Effect of secondary phases on nanostructuring and hardness of severely deformed high-strength aluminum alloy

M.V. Markushev1, Burdastykh Yulia Yulia Leonidovna1, S.V. Krymskiy1, O.S. Sitdikov1
1Institute for Metals Superplasticity Problems RAS, Khalturin St. 39, 450001 Ufa
Abstract
Influence of precipitates, formed upon preliminary heat treatment, on development under severe straining of nanocrystalline (NC) structure and hardness of 7xxx - type aluminum alloy with Zr and Sc additions was investigated. The samples cut from homogenized ingot were processed by high-pressure torsion (HPT) via 10 revolutions under 6 GPa at room temperature. Prior HPT, the alloy was solution treated, water quenched and annealed for 5 hours in the temperature range of 170-250 0C to change its structural heterogeneity - size and density of precipitates of different origin. In addition to coherent disk-type aluminides of transition metals ~25 nm in diameter (so-called dispersoids), that were in pre-quenched alloy, annealing led to precipitation of the main strengthening  (MgZn) - type phases with equivalent diameter from ~10 to 200 nm. Most highly developed NC structure with a (sub)grain size of ~80 nm was processed in the pre-quenched alloy and resulted in its abnormally high hardness. HPT of the pre-annealed at 170 0C alloy with -phase precipitates of less size and one order higher densities than that of dispersoids, on the opposite, produced completely non-recrystallized structure with near 15% reduced hardness owing to the grain refinement suppression. Increasing the temperature of annealing led to coarsening and less densities of - phases, intensifying nanostructuring. However, all pre-annealed NC states demonstrated minimum hardness as their work hardening did not compensate the softening due to -phase coagulation.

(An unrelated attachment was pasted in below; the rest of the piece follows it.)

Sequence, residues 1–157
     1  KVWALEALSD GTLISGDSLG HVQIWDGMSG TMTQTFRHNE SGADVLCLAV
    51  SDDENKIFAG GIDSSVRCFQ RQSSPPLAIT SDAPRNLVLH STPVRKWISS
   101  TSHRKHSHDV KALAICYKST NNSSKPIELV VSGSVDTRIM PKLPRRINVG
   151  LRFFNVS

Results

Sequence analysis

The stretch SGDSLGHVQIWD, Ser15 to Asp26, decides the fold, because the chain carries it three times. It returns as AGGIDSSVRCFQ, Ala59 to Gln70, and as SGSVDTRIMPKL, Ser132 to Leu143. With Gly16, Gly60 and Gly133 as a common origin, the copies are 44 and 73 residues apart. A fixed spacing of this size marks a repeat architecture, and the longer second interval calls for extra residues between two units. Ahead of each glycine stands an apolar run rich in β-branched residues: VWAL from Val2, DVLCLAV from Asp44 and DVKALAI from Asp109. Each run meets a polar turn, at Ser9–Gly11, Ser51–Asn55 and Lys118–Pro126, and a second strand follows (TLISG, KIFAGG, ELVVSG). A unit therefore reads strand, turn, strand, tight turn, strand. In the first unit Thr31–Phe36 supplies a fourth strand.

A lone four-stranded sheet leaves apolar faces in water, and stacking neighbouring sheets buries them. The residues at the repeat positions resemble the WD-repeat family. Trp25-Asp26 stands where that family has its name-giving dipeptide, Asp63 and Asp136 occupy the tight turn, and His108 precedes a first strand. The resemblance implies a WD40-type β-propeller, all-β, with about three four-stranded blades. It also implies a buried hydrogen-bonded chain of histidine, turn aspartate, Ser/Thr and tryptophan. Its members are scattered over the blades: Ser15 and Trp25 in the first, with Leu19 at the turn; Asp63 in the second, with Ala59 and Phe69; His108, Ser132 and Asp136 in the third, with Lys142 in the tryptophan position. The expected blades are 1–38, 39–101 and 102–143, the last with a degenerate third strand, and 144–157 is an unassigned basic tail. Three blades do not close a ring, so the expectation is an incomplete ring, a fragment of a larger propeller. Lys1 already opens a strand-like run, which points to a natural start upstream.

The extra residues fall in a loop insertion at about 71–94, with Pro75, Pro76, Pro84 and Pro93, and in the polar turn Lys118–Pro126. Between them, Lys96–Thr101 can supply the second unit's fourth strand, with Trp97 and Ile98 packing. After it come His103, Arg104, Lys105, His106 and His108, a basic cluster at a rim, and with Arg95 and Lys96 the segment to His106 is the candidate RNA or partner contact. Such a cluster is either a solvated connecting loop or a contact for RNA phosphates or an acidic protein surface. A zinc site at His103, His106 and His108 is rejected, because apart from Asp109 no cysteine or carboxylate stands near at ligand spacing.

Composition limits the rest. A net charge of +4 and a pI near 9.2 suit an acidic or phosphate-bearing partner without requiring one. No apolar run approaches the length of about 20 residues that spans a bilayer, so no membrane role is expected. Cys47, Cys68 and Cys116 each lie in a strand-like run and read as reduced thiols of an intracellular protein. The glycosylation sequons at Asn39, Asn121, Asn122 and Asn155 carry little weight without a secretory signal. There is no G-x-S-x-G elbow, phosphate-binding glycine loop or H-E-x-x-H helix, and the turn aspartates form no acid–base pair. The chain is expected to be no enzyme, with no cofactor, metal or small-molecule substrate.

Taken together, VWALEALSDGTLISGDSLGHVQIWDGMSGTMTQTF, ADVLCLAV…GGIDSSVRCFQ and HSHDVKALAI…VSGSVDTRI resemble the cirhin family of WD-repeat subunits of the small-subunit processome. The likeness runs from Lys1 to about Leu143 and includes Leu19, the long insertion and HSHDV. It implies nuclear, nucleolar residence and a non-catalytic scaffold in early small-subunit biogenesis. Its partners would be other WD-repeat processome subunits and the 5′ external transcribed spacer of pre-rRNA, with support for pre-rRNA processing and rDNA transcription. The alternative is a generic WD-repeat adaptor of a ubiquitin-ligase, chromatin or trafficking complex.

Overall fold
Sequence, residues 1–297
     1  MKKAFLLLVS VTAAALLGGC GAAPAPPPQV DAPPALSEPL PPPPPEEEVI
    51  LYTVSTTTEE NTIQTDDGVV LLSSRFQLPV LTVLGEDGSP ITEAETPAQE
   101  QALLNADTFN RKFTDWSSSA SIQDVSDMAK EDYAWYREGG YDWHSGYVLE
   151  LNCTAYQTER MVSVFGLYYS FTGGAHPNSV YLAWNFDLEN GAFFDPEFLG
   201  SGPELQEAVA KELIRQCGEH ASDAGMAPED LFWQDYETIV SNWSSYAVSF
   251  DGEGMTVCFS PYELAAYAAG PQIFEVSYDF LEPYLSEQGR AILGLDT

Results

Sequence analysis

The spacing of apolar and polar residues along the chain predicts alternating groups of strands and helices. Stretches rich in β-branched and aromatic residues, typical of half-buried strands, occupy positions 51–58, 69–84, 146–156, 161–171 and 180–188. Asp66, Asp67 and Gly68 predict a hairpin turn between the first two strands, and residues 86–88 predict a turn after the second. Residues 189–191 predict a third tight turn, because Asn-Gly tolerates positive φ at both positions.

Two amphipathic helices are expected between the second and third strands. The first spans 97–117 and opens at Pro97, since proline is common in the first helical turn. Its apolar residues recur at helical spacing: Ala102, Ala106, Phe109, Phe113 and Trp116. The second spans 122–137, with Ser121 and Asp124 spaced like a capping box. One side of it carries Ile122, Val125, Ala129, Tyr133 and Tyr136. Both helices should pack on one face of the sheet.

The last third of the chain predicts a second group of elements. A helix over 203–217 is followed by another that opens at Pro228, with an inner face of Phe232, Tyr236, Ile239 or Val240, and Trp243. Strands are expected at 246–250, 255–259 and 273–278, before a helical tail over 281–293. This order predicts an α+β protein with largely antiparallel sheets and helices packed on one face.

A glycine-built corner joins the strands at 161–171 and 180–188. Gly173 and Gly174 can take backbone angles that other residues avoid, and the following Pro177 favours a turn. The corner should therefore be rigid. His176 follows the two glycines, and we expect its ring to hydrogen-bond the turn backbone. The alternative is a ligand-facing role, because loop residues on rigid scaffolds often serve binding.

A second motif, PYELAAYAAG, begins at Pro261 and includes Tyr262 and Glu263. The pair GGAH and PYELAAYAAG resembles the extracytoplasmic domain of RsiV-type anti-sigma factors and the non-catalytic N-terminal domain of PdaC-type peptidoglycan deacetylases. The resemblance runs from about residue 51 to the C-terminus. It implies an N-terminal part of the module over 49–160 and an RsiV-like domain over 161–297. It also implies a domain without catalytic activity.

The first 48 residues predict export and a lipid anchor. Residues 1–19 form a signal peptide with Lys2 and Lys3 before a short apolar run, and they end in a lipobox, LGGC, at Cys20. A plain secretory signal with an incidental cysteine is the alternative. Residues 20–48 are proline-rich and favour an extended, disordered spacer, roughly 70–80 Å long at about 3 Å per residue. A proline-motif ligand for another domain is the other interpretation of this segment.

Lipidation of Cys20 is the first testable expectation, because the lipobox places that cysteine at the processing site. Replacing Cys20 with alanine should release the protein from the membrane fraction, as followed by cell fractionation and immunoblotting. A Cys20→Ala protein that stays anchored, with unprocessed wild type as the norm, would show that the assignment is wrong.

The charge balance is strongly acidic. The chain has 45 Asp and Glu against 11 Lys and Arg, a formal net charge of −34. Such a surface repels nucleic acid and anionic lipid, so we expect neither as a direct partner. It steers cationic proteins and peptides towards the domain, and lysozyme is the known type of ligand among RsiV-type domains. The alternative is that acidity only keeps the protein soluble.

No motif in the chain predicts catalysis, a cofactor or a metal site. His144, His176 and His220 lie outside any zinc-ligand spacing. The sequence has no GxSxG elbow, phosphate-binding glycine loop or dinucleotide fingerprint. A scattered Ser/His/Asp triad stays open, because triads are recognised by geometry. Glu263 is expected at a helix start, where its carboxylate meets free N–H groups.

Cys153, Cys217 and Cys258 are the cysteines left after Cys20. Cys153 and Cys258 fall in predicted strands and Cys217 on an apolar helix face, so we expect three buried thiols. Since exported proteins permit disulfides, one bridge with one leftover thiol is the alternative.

Received: 10 February 2017   Revised: 21 March 2017   Accepted: 29 March 2017
Views: 31   Downloads: 15
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